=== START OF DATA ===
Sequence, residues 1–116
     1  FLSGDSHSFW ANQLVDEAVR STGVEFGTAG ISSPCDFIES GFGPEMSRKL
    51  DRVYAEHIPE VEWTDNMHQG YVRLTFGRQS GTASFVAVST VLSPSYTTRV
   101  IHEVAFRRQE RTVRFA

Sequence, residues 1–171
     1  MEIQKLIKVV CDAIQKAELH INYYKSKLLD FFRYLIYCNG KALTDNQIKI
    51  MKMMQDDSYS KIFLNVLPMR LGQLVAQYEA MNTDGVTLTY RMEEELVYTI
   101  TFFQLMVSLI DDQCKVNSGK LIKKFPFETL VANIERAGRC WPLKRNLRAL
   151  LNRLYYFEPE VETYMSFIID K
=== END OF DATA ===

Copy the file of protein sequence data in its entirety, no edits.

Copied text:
Sequence, residues 1–116
     1  FLSGDSHSFW ANQLVDEAVR STGVEFGTAG ISSPCDFIES GFGPEMSRKL
    51  DRVYAEHIPE VEWTDNMHQG YVRLTFGRQS GTASFVAVST VLSPSYTTRV
   101  IHEVAFRRQE RTVRFA

Sequence, residues 1–171
     1  MEIQKLIKVV CDAIQKAELH INYYKSKLLD FFRYLIYCNG KALTDNQIKI
    51  MKMMQDDSYS KIFLNVLPMR LGQLVAQYEA MNTDGVTLTY RMEEELVYTI
   101  TFFQLMVSLI DDQCKVNSGK LIKKFPFETL VANIERAGRC WPLKRNLRAL
   151  LNRLYYFEPE VETYMSFIID K